Supreme Court Rulings Won't Resolve Workplace Business Problems
It's predicted that more claims will be dismissed without need of trial. That may be true, but in practice it misses a key business point.
As the Supreme Court finished up its historic term in June, justices issued several rulings whose impact, many practicing employment lawyers say, will relieve organizations from the burden of rising workplace harassment and retaliation claims.
I'm a contrarian here; I don't think that will happen. The reason is that the Supreme Court's rulings won't address what is causing improper claims to rise in the first place or the costs that concern employers the most. Only employers can address these.
One ruling made it harder to win a retaliation suit establishing that under Title VII unlawful reprisal must be the motivating or "but for" cause of a challenged action not one of several other reasons. The other held that under Title VII individuals must have the actual authority to make tangible employment decisions [fire, demote, reduce pay] over specific individuals in order to be "supervisors" which carries special legal significance. This will affect how an employee establishes a claim under varying theories of hostile environment and discrimination liability. As a result, it's predicted that more claims will be dismissed without need of trial. That may be true, but in practice it misses a key business point.
During the past year, I've spoken with leaders in various enterprises and read surveys and statistics. My sense is that unless there are some really awful actions initiated by an executive or other prominent leader, or multiple claims involving a pattern of violations, employment litigation is not what keeps them up at night.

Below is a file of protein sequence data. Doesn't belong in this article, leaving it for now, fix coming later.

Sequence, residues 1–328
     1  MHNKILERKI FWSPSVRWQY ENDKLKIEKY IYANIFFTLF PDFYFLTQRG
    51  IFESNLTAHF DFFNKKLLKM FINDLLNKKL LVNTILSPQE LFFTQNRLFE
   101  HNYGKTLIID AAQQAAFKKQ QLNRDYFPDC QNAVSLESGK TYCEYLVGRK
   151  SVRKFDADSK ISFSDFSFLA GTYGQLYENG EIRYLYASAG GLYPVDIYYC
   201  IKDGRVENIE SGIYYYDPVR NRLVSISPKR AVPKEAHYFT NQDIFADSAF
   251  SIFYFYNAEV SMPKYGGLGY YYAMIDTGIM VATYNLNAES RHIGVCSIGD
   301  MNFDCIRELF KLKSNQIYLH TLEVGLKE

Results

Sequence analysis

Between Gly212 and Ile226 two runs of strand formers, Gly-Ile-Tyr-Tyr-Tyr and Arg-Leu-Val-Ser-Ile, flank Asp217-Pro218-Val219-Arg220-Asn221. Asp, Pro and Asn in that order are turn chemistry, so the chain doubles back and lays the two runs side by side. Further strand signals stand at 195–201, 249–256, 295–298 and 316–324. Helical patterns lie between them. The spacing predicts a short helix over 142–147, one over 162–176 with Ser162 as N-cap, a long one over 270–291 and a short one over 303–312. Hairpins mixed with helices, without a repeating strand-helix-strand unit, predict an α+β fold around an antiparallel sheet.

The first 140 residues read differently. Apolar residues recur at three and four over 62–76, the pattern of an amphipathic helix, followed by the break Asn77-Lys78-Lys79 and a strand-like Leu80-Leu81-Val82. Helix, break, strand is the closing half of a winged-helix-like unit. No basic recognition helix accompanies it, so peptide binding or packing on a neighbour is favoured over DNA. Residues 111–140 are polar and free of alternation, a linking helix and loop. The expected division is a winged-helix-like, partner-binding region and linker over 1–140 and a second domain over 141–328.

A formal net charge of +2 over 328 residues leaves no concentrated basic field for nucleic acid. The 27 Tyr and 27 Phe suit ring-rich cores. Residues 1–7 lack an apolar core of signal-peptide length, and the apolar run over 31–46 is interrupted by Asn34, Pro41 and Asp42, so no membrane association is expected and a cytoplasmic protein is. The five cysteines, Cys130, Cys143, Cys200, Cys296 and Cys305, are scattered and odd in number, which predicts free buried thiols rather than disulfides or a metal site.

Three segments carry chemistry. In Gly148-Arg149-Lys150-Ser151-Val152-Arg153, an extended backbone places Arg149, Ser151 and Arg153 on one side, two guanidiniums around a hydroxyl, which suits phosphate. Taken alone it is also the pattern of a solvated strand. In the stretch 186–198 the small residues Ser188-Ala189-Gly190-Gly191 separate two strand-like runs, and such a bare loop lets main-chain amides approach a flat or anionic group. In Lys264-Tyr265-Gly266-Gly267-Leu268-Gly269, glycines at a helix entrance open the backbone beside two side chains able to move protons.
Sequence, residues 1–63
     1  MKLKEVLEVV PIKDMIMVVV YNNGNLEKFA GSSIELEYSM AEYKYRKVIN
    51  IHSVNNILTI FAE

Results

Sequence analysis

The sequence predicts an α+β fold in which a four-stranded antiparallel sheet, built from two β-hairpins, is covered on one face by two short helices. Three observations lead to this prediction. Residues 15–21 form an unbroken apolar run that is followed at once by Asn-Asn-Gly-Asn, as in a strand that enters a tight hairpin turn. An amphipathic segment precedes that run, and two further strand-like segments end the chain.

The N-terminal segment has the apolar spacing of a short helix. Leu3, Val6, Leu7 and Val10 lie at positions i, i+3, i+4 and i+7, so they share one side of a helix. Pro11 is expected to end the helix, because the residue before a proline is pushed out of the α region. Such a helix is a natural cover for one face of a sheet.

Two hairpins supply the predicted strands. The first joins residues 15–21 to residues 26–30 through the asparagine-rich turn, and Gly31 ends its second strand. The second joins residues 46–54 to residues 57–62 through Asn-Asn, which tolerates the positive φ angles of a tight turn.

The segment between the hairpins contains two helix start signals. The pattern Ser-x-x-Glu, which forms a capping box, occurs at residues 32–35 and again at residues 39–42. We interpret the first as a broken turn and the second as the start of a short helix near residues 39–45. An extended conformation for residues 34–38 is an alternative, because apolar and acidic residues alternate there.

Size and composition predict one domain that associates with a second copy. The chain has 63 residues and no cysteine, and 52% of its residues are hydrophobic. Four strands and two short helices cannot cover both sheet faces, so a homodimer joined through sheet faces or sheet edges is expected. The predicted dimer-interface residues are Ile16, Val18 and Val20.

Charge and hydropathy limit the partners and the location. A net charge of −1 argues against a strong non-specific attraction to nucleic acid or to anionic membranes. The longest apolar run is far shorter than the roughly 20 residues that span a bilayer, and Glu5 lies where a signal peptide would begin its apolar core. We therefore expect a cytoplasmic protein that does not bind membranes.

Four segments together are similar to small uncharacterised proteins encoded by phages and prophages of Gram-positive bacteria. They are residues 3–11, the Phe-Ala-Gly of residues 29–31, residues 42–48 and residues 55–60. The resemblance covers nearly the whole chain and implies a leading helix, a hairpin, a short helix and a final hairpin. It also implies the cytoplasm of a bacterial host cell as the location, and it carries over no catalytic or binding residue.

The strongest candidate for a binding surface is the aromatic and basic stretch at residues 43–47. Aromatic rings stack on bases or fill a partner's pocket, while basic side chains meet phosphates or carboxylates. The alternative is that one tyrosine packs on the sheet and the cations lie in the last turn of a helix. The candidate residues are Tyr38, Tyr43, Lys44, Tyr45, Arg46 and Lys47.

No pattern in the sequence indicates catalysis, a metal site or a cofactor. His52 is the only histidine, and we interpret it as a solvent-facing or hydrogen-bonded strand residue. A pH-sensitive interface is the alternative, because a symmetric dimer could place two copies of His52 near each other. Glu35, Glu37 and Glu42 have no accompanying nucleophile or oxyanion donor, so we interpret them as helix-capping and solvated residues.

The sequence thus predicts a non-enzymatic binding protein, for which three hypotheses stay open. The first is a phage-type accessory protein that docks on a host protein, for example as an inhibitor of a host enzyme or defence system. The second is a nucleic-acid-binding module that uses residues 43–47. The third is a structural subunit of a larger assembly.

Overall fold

Their focus is on the day-to-day disruptions that arise from conduct that hampers productivity, diverts precious time to work through instances of claimed misbehavior, whether meritorious or not in the legal sense, and the overall distraction such events cause.
In its Nassar ruling, the court expressed concern about rising Equal Employment Opportunity Commission charges, particularly involving retaliation and the confusion that jurors and courts would continue to face if it did not clarify its standards. Based on statistics for fiscal year 2012, less than 4 percent of charges filed with the EEOC were found to have reasonable cause [e.g., an administrative conclusion that the law has been violated]. The other roughly 96 percent were withdrawn, settled or dismissed. Where adverse EEOC employer rulings were made, many were settled [a total of 1.4 percent or 37 percent of the cause findings]. A percentage of the unresolved claims became lawsuits; a much smaller percentage of these cases went to trial.
No doubt, the new standards are, for now, clearer, consistent and uniformly more restrictive across the United States. However, these decisions won't change daily patterns of workplace behavior which cause employees to lose focus, work less productively and ultimately file claims of discrimination which must be investigated and resolved one way or another.
To persons affected by conduct that seems unfair, improper, a violation of organizational policies and possibly illegal, burdens of proof and legal definitions surrounding a supervisor will not be their prime consideration. Protecting their jobs and being able to get their work done will be. Whether they understand the nuances of the new decisions, they will continue to complain in one form or another of improper conduct.
Still, sometime soon, employers will defeat lawsuits based on these new rulings. The court's decisions will get a lot of renewed legal attention heralding an era of tougher litigation standards favoring employers.
At the same time, there will be hundreds of employers continuing to deal with tens of thousands of situations that will sap their resources. These will involve actions that should never have occurred, that won't wind up in litigation or be dismissed if they do.
The ensuing processes will siphon off precious time and money all of which could have been preserved. Curbing improper, disruptive conduct of managers and employees alike, not just constructing legal defenses, will be the key to solving that pressing business problem.